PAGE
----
Freddie Mac has purchased reinsurance for some of the same exposure to losses on residential mortgages that it has unloaded to investors through issuance of general obligation bonds.
The government-sponsored agency said today that it obtained an insurance policy underwritten by Arch Reinsurance Ltd. to cover up to $77.4 million of credit losses for a portion of the credit risk associated with a pool of single-family loans funded in the third quarter of 2012.
“This further demonstrates Freddie Mac's innovation in developing and introducing new ways to share credit risk with the private market,” the company said in its press release.
Freddie and sister GSE Fannie Mae have been ordered by their regulator, the Federal Home Finance Agency, to transfer the credit risk on at least $30 billion of the single-family mortgages they insure away from taxpayers by the end of 2013.
Freddie Mac previously sold $630 million of notes this month that share its risks on $35.3 billion of loans to about 50 investors, after placing $500 million in its inaugural July deal.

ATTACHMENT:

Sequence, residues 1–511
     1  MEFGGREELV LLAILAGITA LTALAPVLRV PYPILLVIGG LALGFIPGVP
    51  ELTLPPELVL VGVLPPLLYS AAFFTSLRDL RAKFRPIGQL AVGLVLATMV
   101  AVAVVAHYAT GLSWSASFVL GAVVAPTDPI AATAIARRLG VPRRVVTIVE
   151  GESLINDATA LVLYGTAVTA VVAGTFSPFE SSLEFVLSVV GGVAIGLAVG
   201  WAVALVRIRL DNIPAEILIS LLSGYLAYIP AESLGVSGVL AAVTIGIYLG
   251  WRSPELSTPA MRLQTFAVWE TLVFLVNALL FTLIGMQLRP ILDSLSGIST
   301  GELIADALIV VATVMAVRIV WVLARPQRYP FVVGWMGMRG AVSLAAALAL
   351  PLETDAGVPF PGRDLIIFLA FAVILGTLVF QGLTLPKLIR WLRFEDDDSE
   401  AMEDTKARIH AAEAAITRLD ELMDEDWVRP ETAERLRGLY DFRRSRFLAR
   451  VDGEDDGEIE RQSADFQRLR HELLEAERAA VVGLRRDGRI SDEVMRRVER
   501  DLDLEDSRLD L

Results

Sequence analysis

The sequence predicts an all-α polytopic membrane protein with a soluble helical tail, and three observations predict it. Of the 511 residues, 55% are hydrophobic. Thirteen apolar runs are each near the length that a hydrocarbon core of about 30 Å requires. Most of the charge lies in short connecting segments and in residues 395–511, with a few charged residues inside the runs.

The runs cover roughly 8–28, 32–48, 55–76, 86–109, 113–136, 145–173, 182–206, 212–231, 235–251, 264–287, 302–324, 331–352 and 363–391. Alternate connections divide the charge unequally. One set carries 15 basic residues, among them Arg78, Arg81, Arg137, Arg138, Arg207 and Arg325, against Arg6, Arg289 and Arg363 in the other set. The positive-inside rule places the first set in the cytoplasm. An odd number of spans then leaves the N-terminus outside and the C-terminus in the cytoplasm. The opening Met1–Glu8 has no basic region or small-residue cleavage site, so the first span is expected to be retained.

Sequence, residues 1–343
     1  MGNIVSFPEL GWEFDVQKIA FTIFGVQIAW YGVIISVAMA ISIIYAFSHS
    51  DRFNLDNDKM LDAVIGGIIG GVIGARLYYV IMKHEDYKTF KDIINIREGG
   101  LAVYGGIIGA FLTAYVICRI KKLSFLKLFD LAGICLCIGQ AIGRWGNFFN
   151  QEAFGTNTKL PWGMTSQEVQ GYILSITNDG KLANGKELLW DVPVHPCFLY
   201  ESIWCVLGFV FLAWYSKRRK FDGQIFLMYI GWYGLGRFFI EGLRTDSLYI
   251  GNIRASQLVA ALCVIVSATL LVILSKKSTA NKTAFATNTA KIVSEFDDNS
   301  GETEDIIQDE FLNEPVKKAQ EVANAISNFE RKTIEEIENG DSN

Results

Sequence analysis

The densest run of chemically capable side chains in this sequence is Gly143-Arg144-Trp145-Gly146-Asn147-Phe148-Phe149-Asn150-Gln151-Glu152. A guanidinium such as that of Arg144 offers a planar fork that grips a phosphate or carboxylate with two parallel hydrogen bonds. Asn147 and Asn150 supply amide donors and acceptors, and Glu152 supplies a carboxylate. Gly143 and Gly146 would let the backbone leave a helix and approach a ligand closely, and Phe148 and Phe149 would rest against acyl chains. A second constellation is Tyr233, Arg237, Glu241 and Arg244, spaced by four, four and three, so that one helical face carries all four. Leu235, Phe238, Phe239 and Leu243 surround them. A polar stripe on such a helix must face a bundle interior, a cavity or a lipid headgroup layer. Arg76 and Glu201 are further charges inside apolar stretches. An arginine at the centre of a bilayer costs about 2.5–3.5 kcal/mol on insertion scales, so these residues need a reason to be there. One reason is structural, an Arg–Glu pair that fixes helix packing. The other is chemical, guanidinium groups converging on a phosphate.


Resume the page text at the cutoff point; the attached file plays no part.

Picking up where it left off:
"This is part of our business strategy to expand risk-sharing with private firms, thus reducing taxpayers' exposure to losses from mortgage foreclosures," said David Lowman, Freddie’s executive vice president of single-family business. "We have brought to the market new sources of capital for transferring mortgage credit risk away from taxpayers. We've tapped into the global insurance community's appetite for U.S. mortgage credit exposure, and would like to do more of these policies in the future."
In purchasing reinsurance, Freddie follows in the footsteps of Fannie, which purchased reinsurance over $5 billion in single-family mortgages from National Mortgage Insurance Corp. in October.
The National MI policy covers certain loans acquired by Fannie Mae in the fourth quarter of 2012, each of which had an original loan-to-value ratio (LTV) between 70% and 80%. The terms of the policy result in Fannie Mae’s exposure on these loans being reduced to approximately 50% LTV, subject to a deductible amount and aggregate loss limits.
Fannie also sold $675 million of risk-sharing general obligation bonds in October.